Everyone writer has one. We go to it whenever we need ideas -- whether it be for stories, or characters, or for chapters for novels or whatever. It's the place where all creativity is stored. Sometimes it's called our muse. That's probably a better description when the muse is being bitchy, but for the purpose of this illustration, it's a well.
After I sent my stories off, I was reluctant to get back to the keyboard. I wasn't the first couple days, but the longer I wait for responses, the less eager I am to get back to writing. I don't feel excited, and actually getting the words to flow takes longer and longer to do. I wasn't sure what was locking me up, but I've had trouble sleeping because I keep dwelling on it, and I finally figured it out. It came to me when I was clearing out old files on my computer.
Everynow and then I go through the computer and look at what I've got saved that's been building up and stuff. Obviously, since the virus fiasco, I don't have as much built up, but I'd like to think that deleting some of the crap time to time helps the computer run faster.
Well, I looked through my story folder at stuff that might be a candidate for deletion, when I realized something. I almost never delete anything I write, ever. Everything I've written (with the exception of some one page starts that fizzled before they got going) is still saved on there. I browsed through the files and found stories I started in the sixth grade that are still on there.
I finally got it, what I was afraid of. When I go back to my story, it's the first original idea I've had in a while, something that I just came up with when I was sitting around one day. I was inspired by the movie 12 Monkeys starring Bruce Willis, but it actually has almost nothing to do with 12 Monkeys, but I'm getting off track. The reason I'm afraid of going back to the keyboard and the reason I never delete anything, is because I'm petrified of running out of ideas.
I think part of the reason that I finished only one or two stories in my life and then left the rest to gather dust on the hard drive is so I could come back to them, write on them, improve them, make them pretty, and then leave them. I was always guaranteed to have something to write as long as all those stories were left unfinished, or the ones that were finished could be rewritten every few years as I improved in my writing.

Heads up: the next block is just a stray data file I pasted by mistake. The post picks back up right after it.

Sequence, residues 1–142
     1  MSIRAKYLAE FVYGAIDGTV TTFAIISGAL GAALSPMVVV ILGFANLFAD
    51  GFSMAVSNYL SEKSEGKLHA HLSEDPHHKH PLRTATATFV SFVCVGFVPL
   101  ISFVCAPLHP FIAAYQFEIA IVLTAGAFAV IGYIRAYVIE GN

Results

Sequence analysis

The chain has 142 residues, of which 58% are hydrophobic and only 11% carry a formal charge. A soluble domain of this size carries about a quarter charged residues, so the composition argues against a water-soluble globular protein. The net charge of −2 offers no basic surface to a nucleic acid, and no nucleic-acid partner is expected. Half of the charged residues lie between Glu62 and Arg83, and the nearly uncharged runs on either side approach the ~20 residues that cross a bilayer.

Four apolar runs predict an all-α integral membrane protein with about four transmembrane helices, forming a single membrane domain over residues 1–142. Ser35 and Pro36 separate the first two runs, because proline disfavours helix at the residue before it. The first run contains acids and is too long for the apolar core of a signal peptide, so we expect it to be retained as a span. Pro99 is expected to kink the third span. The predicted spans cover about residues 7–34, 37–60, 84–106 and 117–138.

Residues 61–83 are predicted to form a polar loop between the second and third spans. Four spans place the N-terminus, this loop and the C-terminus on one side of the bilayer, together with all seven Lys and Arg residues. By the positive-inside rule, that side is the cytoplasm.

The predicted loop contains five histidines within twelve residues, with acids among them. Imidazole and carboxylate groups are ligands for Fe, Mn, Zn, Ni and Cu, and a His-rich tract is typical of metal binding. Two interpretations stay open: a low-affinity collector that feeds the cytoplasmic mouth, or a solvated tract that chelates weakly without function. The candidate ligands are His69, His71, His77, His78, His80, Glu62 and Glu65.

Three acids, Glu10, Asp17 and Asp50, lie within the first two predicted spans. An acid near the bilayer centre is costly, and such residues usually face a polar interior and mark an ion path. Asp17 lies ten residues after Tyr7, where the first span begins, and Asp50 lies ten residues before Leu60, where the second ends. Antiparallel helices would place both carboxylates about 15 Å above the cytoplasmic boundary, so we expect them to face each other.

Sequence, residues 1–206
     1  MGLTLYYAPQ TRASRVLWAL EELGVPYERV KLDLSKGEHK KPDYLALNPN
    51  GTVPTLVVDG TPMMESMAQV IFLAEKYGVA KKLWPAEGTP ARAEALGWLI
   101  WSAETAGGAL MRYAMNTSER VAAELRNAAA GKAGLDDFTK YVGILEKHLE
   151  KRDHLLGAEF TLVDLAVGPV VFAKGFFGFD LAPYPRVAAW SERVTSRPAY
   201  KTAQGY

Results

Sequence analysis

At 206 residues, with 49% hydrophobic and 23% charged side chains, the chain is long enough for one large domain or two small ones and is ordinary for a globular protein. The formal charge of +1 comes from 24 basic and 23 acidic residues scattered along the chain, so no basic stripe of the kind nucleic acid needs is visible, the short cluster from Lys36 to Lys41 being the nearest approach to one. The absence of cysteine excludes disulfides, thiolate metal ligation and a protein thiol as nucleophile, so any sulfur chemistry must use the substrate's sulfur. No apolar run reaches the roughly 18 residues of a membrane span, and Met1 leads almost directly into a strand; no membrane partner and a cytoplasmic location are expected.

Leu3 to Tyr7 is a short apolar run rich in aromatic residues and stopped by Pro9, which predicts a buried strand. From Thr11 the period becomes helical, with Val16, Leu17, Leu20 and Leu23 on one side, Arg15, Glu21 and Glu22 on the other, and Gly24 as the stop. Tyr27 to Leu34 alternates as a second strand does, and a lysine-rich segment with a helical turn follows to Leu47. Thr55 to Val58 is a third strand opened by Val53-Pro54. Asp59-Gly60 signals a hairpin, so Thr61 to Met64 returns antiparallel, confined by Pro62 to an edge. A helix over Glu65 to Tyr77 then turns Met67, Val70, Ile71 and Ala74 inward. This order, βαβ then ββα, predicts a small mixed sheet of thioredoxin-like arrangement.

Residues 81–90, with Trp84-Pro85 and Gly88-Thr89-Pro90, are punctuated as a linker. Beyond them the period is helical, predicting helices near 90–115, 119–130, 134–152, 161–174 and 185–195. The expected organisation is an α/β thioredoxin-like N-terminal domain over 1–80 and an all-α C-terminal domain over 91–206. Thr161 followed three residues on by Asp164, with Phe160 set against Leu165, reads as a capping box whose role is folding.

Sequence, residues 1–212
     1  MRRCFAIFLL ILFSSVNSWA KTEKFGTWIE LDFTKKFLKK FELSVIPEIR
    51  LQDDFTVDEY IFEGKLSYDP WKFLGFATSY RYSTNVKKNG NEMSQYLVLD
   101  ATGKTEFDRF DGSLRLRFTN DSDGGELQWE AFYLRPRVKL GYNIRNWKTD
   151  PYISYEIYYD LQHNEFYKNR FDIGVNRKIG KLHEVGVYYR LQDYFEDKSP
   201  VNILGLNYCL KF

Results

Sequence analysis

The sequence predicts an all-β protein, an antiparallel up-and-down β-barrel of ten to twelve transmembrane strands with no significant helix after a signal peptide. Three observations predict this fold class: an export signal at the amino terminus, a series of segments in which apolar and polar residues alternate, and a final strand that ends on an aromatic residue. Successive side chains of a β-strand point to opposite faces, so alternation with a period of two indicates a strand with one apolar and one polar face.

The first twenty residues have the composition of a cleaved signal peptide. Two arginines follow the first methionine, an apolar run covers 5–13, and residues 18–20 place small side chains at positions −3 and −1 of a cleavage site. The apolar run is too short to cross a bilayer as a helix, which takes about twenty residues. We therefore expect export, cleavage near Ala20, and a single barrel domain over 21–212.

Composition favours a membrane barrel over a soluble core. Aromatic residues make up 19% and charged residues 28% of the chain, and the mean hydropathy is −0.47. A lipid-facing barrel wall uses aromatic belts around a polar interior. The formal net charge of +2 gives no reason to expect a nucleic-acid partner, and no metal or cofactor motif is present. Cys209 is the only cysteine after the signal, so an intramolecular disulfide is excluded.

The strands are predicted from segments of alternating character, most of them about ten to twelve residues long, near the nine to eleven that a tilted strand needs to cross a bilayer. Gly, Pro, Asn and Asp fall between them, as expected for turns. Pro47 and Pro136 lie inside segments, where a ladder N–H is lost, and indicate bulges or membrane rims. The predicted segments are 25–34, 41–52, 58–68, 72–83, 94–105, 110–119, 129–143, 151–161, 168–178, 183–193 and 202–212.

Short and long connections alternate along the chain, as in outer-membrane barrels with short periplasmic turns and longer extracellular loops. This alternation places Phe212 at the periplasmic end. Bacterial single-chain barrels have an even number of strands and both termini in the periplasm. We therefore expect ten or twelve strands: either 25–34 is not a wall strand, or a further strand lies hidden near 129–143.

When I sent off my stories, it was the first two I'd completed in a long time, and my mind went through shock. I just sent two ideas off. I can't go back and rewrite those, I can't improve them. They're gone.
The reason I never finished a novel idea was because I was afraid that if by some astronomical chance I got published, I was afraid I would be a one hit wonder. I was, and still am, afraid that if I get anything published, it's dwindling the number of ideas I'll have. I haven't settled into one genre very easily, I don't have ideas off the wazoo, I haven't, until a few years ago, written very much very consistently, and I don't dream that often to get ideas.
I'm absolutely terrified that I've already drawn the good stuff out of the idea well, and that eventually I'm going to draw stuff that either sucks, or that has been done over and over and over.
So . . . now that I've figured out the problem, I have to figure out how I can fix it.